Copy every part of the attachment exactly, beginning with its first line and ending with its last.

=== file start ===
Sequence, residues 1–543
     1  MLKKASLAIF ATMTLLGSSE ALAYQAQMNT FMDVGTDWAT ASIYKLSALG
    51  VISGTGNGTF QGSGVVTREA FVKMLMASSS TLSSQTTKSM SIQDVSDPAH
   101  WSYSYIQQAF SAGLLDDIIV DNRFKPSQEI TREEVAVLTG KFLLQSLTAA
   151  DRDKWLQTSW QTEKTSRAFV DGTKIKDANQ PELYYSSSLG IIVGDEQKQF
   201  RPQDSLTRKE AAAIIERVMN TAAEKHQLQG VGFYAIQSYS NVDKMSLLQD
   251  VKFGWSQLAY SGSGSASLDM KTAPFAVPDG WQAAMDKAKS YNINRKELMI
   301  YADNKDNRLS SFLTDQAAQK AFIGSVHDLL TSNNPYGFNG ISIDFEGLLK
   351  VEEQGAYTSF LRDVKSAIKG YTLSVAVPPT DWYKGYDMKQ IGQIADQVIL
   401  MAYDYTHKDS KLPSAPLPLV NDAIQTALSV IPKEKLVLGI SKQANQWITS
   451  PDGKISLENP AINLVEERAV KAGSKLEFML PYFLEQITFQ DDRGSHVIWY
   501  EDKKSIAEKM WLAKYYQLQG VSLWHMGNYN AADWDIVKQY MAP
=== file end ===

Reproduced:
Sequence, residues 1–543
     1  MLKKASLAIF ATMTLLGSSE ALAYQAQMNT FMDVGTDWAT ASIYKLSALG
    51  VISGTGNGTF QGSGVVTREA FVKMLMASSS TLSSQTTKSM SIQDVSDPAH
   101  WSYSYIQQAF SAGLLDDIIV DNRFKPSQEI TREEVAVLTG KFLLQSLTAA
   151  DRDKWLQTSW QTEKTSRAFV DGTKIKDANQ PELYYSSSLG IIVGDEQKQF
   201  RPQDSLTRKE AAAIIERVMN TAAEKHQLQG VGFYAIQSYS NVDKMSLLQD
   251  VKFGWSQLAY SGSGSASLDM KTAPFAVPDG WQAAMDKAKS YNINRKELMI
   301  YADNKDNRLS SFLTDQAAQK AFIGSVHDLL TSNNPYGFNG ISIDFEGLLK
   351  VEEQGAYTSF LRDVKSAIKG YTLSVAVPPT DWYKGYDMKQ IGQIADQVIL
   401  MAYDYTHKDS KLPSAPLPLV NDAIQTALSV IPKEKLVLGI SKQANQWITS
   451  PDGKISLENP AINLVEERAV KAGSKLEFML PYFLEQITFQ DDRGSHVIWY
   501  EDKKSIAEKM WLAKYYQLQG VSLWHMGNYN AADWDIVKQY MAP